Hydroelectric / Hydro Power

This is where energy is generated from the movement of water. There are many forms of hydro power generation including the use of waves, tides, dams or underwater turbines.

Biomass

Biomass is a fairly broad term and covers energy produced from natural materials that are or were living. This can include wood, food waste, animal waste and many others. Generally the energy is created by burning the material to generate heat, but other methods exist such as collecting and using methane gas from landfills.

Geothermal

This energy source is heat naturally found in the earth. The steam and warmth produced in reservoirs under the earth’s surface can be utilised to either heat water or produce electricity.


 
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What are the benefits of renewable energy?

Currently, the majority of UK homes are heated using fossil fuels like oil and gas and, unless the electricity you get from the supplier is generated through renewable technology (e.g. wind farms and solar farms) your electricity will also be generated from the burning of fossil fuels. Making the switch to renewable energy solutions can offer many benefits to UK homeowners including:

  • Lower energy bills – generate your own free energy and buy less from your supplier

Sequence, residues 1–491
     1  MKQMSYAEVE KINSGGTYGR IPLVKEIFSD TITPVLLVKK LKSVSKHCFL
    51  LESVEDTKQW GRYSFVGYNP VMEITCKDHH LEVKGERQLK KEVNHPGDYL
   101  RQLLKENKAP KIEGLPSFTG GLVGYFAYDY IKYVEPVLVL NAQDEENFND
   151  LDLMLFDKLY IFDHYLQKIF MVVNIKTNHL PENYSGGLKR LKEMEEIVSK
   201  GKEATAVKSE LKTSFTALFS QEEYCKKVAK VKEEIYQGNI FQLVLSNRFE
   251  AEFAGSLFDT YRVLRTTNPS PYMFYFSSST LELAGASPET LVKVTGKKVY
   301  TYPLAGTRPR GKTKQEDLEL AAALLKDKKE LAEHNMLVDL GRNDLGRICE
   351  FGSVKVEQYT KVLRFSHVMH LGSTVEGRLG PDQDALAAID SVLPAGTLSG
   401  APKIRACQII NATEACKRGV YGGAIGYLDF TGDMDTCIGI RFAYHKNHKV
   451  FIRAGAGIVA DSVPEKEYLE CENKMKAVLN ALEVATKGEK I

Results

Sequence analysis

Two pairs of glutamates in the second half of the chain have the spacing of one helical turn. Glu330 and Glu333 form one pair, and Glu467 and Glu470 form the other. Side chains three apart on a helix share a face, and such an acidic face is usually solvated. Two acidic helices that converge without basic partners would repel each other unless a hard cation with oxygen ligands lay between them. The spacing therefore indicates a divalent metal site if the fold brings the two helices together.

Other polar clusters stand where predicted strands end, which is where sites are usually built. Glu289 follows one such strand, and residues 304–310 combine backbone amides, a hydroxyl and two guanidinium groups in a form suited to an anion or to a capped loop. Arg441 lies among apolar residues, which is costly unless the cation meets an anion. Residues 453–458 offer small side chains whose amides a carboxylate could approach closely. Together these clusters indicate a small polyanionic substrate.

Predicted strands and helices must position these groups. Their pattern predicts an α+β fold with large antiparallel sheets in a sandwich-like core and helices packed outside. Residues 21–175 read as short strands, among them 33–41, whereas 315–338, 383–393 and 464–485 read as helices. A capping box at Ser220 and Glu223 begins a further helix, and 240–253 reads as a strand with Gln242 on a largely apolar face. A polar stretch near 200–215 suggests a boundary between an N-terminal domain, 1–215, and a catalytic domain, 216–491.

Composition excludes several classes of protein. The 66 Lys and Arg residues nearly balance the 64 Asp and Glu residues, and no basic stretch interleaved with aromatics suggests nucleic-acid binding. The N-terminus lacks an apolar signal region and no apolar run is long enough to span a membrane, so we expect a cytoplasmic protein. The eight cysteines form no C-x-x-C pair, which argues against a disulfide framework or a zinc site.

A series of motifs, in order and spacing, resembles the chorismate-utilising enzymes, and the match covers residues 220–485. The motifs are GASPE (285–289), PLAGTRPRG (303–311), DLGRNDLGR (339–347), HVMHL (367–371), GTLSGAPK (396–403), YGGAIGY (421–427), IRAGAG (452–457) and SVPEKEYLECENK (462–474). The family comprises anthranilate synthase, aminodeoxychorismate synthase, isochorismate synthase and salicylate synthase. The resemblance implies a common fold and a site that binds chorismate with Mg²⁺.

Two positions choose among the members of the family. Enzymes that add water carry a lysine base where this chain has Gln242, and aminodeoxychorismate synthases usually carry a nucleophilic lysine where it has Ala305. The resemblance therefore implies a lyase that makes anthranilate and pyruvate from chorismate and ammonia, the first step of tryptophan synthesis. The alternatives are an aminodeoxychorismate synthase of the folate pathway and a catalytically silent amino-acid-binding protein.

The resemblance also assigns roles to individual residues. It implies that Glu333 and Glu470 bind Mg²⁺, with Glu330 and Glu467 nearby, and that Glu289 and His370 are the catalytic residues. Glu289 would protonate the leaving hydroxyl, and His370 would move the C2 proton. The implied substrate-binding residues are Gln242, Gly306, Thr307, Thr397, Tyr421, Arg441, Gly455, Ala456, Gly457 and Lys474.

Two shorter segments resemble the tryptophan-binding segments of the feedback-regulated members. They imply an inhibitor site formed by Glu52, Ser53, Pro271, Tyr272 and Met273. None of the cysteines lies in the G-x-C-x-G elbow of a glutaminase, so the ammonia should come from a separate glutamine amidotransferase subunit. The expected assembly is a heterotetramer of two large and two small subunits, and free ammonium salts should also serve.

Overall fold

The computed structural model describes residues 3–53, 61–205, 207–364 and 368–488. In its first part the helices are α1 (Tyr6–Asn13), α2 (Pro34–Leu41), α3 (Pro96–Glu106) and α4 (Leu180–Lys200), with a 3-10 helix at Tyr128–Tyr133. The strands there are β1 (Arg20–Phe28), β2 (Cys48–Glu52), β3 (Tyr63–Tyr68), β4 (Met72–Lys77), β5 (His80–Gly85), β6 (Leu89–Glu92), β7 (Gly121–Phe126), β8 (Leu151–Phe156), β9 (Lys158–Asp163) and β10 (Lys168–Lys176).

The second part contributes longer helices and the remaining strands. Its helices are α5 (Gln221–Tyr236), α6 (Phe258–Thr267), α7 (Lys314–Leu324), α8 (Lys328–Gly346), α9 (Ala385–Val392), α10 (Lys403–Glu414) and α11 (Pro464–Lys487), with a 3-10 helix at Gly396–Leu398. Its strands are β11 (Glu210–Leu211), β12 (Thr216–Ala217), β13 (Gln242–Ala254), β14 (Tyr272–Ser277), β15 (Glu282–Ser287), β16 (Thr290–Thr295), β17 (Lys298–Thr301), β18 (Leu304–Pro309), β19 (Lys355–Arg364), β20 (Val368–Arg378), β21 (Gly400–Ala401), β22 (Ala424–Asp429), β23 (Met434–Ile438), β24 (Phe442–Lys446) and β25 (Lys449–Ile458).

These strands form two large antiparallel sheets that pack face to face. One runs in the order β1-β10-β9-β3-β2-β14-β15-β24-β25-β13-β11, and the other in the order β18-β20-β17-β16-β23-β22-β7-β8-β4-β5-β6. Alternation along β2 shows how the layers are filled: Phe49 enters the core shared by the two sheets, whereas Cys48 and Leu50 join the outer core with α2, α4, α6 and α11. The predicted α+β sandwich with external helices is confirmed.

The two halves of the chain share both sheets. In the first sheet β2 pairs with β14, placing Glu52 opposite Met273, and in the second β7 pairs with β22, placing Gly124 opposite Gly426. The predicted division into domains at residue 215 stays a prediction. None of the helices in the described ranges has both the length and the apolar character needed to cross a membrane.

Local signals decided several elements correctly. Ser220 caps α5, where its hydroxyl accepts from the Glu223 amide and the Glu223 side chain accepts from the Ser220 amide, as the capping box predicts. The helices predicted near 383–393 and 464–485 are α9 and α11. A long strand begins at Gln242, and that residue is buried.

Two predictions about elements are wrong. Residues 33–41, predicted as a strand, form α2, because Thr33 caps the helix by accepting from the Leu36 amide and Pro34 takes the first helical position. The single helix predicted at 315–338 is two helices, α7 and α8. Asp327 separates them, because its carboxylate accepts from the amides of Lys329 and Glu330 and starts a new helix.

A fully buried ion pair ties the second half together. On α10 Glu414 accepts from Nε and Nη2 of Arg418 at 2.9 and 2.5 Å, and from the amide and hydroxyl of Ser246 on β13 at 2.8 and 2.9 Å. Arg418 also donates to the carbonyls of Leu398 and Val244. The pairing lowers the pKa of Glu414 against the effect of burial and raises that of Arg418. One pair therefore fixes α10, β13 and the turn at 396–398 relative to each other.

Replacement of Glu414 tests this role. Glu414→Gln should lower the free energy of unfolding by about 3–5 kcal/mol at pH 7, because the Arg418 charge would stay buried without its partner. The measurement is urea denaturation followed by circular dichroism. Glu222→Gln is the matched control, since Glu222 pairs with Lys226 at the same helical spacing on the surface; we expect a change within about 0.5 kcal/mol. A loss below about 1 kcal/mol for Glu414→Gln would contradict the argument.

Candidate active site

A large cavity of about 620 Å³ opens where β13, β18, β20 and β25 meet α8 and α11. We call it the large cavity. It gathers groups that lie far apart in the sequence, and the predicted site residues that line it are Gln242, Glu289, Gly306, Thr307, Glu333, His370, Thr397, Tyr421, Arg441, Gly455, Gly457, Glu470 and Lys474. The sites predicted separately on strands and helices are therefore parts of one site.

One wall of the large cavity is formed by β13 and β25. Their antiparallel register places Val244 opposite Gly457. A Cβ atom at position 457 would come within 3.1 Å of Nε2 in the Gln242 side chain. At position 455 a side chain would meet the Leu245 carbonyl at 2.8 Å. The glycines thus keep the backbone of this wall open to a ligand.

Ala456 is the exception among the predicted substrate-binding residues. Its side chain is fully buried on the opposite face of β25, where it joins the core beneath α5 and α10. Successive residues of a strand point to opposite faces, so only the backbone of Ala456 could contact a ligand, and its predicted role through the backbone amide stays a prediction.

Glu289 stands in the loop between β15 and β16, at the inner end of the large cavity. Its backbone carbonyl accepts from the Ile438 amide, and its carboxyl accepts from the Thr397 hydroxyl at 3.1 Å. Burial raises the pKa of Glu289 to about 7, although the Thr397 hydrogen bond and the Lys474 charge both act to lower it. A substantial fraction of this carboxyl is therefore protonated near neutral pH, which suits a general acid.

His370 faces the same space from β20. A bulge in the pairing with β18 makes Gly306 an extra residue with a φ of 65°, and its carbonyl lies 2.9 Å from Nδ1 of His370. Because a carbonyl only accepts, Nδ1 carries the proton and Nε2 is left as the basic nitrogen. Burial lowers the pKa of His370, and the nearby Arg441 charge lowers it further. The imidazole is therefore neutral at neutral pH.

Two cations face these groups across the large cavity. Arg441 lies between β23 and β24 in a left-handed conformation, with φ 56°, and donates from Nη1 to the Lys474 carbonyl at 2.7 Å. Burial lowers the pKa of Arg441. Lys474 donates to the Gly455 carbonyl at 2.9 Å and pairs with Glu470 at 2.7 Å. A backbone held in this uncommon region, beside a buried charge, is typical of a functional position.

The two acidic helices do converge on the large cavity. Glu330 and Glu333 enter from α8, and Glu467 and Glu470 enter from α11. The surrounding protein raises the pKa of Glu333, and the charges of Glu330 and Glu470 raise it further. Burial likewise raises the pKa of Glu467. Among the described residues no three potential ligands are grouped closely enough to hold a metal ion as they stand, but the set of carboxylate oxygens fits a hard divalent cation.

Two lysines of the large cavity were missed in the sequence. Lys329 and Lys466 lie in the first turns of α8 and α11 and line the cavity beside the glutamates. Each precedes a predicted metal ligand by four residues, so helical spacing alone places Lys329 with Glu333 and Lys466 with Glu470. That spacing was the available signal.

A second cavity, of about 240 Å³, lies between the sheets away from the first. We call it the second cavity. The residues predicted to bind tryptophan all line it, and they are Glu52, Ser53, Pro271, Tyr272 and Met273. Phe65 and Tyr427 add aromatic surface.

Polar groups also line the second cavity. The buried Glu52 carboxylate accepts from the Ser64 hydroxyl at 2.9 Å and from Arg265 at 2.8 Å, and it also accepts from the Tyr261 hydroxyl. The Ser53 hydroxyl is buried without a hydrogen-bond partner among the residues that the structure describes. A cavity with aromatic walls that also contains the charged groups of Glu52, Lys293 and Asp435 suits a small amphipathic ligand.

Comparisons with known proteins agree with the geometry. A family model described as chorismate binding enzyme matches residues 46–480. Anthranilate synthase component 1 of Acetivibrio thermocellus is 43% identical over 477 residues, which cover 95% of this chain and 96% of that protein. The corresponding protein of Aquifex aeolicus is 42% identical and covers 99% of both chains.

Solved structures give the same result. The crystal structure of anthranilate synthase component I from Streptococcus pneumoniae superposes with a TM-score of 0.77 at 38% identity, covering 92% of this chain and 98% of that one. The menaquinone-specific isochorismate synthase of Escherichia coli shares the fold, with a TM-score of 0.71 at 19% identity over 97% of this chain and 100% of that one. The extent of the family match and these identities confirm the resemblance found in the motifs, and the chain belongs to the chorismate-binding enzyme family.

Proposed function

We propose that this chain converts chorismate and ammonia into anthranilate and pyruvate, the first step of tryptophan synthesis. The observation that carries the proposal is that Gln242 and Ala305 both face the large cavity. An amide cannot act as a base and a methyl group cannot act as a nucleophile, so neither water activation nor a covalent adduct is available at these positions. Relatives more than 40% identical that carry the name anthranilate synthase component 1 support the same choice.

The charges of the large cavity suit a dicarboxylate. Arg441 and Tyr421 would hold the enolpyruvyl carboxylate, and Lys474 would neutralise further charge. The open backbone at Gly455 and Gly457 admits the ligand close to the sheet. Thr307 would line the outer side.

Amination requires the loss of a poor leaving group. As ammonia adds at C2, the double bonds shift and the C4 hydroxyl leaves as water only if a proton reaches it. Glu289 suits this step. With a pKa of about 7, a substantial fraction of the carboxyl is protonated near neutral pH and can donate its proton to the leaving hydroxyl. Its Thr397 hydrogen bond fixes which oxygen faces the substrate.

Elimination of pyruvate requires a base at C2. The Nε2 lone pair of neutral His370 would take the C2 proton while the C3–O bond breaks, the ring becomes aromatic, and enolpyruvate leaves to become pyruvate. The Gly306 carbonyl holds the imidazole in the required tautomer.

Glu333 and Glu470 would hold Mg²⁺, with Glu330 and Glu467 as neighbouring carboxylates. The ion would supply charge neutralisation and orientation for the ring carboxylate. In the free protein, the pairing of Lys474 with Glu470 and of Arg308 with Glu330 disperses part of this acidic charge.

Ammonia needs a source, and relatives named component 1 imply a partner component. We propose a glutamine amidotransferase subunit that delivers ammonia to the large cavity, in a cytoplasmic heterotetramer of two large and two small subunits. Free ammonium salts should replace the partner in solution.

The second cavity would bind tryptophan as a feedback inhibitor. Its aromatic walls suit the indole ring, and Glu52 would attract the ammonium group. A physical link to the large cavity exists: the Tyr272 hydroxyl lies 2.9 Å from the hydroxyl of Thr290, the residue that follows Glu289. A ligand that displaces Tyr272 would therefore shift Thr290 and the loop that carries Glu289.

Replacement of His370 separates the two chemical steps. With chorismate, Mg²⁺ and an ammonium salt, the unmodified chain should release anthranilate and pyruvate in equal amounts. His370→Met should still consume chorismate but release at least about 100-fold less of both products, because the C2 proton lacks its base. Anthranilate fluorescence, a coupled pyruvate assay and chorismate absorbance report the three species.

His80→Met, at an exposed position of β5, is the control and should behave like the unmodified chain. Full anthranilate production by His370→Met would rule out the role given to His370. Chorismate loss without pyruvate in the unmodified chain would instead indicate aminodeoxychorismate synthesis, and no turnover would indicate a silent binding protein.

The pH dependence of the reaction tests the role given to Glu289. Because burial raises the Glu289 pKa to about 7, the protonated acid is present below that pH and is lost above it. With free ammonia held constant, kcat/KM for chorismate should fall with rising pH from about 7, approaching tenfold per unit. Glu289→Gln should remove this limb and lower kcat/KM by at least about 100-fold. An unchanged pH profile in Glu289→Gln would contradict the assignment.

• Reduced carbon emissions – lower your impact on the environment
  • Extra income – earn money through the government’s Renewable Heat Incentive (RHI) scheme (renewable heating only)
  • Easy maintenance and long-lasting systems
  • Potentially increased property value. Government payments through the if the system is generating heat

Renewable energy systems for your home

Solar PV panels

A solar photovoltaic (PV) panel system converts the sun’s energy into electricity for use around the home. And the great news for those of uk living in the UK is that they don’t need direct sunlight to generate power, while it does help, solar panels still work on a cloudy day. Compared to 2010, solar panel systems are now more than 60%, with the typical costs for an average residential home sitting somewhere between £6,000 – £7,000, meaning that there’s never been a better time to invest in solar. This price will differ depending on the size of the solar system being installed – the bigger the system, the more energy the panels will be generating.